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US regulators look for signs of credit crisis spreading

They are keeping a keen eye on credit card, home equity and building loans

WASHINGTON – UNITED States regulators are watching credit card and commercial construction loans for signs that they may be the next trouble spots as strained financial markets constrain credit.

The housing downturn, with its epicentre in the sub- prime mortgage market, stayed atop the list of concerns. But regulators and Federal Reserve officials expressed concerns on Tuesday that credit risks may extend beyond mortgages.

Fed chairman Ben Bernanke said on Tuesday that credit-weary banks may be better off accepting lower home loan principal amounts rather than the bigger losses that would come from foreclosures.

He warned that mortgage delinquencies and foreclosures would likely rise as house prices fall further.

Mr Bernanke’s second-in- command, Mr Donald Kohn, said at a Senate Banking Committee hearing on the same day that the Fed was also keeping a close eye on credit card, home equity and commercial real estate loans as banks cope with a widening range of credit risks.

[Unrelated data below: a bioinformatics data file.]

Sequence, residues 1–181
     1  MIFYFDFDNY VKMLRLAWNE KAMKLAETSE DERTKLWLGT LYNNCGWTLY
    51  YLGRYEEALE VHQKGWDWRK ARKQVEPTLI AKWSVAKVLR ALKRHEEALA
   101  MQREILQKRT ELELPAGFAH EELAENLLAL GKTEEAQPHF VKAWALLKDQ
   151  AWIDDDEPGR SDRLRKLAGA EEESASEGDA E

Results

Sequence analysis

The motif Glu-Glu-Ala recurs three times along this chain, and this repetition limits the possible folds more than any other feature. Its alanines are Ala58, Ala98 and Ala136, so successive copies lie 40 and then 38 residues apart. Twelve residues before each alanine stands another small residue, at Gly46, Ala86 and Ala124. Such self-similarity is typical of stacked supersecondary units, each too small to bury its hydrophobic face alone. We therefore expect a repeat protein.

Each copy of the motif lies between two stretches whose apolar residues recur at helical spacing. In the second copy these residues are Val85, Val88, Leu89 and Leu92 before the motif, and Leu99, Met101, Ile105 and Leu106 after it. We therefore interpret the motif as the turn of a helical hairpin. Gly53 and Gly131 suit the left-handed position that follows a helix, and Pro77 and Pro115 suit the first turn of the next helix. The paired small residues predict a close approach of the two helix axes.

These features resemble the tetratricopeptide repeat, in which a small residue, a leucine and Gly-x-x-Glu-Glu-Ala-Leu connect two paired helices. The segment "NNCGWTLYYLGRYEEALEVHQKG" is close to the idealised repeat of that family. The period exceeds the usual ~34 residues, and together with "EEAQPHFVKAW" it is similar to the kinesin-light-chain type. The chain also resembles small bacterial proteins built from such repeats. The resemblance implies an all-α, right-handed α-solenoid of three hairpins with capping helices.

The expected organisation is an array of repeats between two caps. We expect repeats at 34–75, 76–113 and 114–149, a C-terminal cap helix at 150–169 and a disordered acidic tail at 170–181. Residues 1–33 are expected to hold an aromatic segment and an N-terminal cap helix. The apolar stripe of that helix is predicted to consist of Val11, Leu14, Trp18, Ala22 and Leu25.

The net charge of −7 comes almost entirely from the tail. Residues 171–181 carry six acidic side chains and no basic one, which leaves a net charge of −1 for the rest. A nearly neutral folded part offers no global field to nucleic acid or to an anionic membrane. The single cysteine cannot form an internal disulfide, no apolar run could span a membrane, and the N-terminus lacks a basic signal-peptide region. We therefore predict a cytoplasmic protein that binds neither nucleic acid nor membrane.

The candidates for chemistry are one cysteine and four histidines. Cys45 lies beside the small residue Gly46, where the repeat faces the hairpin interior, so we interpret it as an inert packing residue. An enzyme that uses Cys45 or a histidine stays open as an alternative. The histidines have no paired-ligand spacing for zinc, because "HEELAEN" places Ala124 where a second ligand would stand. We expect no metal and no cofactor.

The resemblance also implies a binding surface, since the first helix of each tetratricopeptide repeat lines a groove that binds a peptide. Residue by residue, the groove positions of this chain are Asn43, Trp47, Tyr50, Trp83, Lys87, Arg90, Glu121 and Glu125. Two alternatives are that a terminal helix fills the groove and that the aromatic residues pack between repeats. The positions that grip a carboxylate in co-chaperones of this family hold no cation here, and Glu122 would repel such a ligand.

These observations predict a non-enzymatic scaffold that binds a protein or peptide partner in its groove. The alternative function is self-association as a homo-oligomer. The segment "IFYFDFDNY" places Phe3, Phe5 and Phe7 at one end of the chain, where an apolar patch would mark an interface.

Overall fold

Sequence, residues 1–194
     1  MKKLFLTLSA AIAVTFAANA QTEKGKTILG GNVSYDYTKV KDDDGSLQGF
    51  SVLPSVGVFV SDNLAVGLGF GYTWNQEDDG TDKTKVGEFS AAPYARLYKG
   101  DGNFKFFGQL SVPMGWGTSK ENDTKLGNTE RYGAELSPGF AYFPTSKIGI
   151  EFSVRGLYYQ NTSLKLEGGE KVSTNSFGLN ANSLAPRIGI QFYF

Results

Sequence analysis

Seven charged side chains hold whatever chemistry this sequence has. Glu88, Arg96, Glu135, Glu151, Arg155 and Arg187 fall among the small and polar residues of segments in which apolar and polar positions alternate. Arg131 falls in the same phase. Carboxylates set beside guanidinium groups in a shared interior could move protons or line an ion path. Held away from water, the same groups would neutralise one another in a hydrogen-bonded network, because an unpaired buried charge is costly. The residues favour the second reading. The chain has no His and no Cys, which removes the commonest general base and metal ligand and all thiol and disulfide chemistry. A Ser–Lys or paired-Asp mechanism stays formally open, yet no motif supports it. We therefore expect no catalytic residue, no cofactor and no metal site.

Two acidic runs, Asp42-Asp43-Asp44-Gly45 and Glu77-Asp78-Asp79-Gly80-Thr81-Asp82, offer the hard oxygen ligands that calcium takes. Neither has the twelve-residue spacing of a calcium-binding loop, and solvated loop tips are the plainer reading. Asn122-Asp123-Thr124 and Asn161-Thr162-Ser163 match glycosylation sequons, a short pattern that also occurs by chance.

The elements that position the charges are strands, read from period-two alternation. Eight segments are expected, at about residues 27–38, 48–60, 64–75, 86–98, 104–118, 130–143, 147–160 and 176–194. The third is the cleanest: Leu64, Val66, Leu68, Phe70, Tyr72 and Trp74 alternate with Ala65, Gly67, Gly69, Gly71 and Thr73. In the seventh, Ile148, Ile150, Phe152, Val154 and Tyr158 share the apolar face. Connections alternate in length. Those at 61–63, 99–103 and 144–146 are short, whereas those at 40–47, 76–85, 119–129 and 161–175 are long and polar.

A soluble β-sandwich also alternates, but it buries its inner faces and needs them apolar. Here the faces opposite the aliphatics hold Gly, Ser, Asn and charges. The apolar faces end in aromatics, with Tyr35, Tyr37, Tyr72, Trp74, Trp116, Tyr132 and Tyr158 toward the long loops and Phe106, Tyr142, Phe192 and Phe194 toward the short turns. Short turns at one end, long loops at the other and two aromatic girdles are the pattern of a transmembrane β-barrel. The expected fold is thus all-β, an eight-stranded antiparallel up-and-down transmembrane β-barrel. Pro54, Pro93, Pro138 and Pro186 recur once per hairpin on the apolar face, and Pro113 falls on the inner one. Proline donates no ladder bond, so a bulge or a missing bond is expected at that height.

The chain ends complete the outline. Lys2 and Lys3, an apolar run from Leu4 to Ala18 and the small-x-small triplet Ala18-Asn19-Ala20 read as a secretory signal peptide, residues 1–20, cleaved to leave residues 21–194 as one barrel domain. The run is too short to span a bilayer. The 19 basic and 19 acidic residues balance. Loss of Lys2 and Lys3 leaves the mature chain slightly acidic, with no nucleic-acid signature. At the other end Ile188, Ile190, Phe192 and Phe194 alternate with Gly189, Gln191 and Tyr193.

‘Federal Reserve supervisors are monitoring these consumer loan segments for signs of spillover from residential mortgage problems, particularly in regions showing home owner distress.

‘And they are paying particular attention to the securitisation market for credit card loans,’ he said. Mr Kohn added that commercial real estate is ‘another area that requires close supervisory attention’.

He noted that while personal bankruptcy rates remained below levels prior to bankruptcy law changes implemented in 2005, they ticked higher over the first nine months of last year and ‘could be a harbinger of increasing delinquency rates on other consumer loans’.

Despite those strains, Mr Kohn said the banking sector remained sound and he saw no threat to banks’ viability.

The credit mess that began with failing US sub- prime mortgage loans has left banks saddled with tens of billions of dollars in bad debts, prompting them to tighten lending standards. That has slowed the flow of cash to firms and consumers who power the US economy.

US Comptroller of the Currency John Dugan echoed concerns that the credit troubles may spread beyond mortgage loans.

‘Although credit card earnings have been fairly robust and portfolios are currently strong, we have a heightened level of concern in this area, even before the numbers confirm any significant deterioration,’ he said.

‘We expect losses from home equity loans to continue to escalate as, unlike first mortgages, these assets are largely held on banks’ balance sheets,’ he added.

But in a sign of how the Fed is conflicted in combating the competing threats of slowing growth and rising prices, another Fed official stressed that inflation was his top concern. ‘Containing inflation is the purpose of the ship I crew for,’ said Dallas Federal Reserve president Richard Fisher.

‘If a temporary economic slowdown is what we must endure while we achieve that purpose, then it is, in my opinion, a burden we must bear, however politically inconvenient,’ he said.

Source: REUTERS (The Straits Times 6 Mar 08)


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